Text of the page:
My Kids Want to Live With Me Now. What Should I Do?

Child custody always seems to be a hot-button issue, and no matter what type of agreement the parents have, issues always seem to arise.

In most child custody cases, one parent is usually awarded physical custody of the child. This means that the child resides with that parent more often, and that is the designated as the child’s legal address. Even if parents have joint legal custody of the child, which means that both parents have a say in how the child is raised, one parent usually has physical custody.

Sometimes, situations will change, and the child will decide that he or she no longer wants to live with the parent with physical custody and instead want to live with the other parent. When this situation arises, you may often wonder what to do.

 

Most states have laws against if and when a child can make this decision. In some states, children are allowed to choose when they turn 14. In other states, children are not allowed to make the decision at all. If your child has said they want to live with you, the following are a few things you can do to make it a reality.

 Talk with your child

If your child has expressed interest in moving in with you, talk with them openly about why. You may find that they really don’t like living with the other parent, or you may find that your child is using this as a temporary solution. For example, your child may want to seriously move in with you because the other parent is abusive to the child or to themselves, or maybe because that parent is never home and the child doesn’t want to be alone. If this is the case, then you can take legal action to get your child to move in with you. If you find that your child simply wants to move in with you because he or she got into a fight with their other parent, then you may want to simply talk to them about dealing with the problem instead of running from it.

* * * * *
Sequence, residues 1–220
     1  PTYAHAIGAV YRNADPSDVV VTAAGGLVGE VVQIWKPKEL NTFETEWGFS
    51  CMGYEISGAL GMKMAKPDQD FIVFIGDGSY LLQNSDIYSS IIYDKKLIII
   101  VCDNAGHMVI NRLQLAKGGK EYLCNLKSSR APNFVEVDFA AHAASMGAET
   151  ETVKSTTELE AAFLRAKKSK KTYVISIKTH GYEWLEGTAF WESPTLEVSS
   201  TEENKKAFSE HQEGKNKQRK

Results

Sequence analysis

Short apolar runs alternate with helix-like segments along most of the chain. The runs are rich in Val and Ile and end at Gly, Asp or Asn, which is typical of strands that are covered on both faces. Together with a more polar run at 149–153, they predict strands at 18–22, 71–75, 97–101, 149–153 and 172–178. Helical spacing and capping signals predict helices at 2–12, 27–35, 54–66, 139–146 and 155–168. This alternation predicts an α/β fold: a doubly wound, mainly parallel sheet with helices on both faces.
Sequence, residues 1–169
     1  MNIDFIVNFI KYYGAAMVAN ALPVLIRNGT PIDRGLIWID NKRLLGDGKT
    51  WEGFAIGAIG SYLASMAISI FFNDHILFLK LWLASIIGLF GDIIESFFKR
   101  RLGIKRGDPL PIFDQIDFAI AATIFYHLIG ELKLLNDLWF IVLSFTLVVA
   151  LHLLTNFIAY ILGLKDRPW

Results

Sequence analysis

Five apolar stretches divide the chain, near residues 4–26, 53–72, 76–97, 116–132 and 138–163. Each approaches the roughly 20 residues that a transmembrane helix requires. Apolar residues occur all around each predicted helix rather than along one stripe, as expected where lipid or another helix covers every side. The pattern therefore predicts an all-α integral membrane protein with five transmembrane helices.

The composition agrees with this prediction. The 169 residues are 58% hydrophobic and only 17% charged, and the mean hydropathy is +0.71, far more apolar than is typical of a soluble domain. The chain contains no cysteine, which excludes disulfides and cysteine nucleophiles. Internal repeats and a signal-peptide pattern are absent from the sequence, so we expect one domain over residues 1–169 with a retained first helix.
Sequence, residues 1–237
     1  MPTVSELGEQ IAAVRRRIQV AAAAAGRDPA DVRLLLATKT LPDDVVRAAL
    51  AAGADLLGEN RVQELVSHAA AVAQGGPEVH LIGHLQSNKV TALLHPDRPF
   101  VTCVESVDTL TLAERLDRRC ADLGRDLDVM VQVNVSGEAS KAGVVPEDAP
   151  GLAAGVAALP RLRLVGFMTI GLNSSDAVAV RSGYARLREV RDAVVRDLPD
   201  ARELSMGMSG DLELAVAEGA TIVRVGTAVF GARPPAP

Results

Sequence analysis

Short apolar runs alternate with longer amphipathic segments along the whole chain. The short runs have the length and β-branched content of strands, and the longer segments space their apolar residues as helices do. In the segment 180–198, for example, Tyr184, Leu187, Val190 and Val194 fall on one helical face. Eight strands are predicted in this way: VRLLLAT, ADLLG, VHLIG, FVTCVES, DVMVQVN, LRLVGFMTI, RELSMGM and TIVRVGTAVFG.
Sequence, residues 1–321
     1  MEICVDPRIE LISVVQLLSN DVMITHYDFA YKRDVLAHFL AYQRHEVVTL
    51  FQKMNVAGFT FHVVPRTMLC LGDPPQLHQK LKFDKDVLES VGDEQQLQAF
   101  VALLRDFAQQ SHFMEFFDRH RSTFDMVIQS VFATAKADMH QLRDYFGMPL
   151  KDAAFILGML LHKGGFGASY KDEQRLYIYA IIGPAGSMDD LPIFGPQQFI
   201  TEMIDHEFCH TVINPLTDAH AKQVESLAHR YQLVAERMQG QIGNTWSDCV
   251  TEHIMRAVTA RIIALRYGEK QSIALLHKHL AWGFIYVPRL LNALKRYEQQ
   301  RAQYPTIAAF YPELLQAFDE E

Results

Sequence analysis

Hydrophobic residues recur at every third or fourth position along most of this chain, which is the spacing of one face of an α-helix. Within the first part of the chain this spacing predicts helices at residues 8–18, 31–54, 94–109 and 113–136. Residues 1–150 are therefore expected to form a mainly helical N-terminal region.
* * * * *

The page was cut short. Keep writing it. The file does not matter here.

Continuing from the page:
Talk with your ex

If your child truly wants to move in with you, you should have a conversation with your ex. Don’t just take the child away, as you could face legal action, but instead talk with your ex about your child’s wishes. If you think it will help, you should also have your child talk with your ex so that your ex can see that this information is truly coming from the child. In these cases, it may be best to have a mediator present.

 File a change of custody order

In order for your child to be able to legally move in with you, you will need to file a change of custody order with the courts. Depending on the state you live in, your child may have to testify in court that they want to live with you. And again, depending on the state, this may be all you need, or it may be an aid in what the judge ultimately decides.

Sometimes, the judge will allow the change of custody based solely on your child’s wishes. In other cases, they may need proof that the current physical custodial parent is unfit to parent. In order to know what to expect, it’s best that you consult with an attorney to thoroughly review your options.

 

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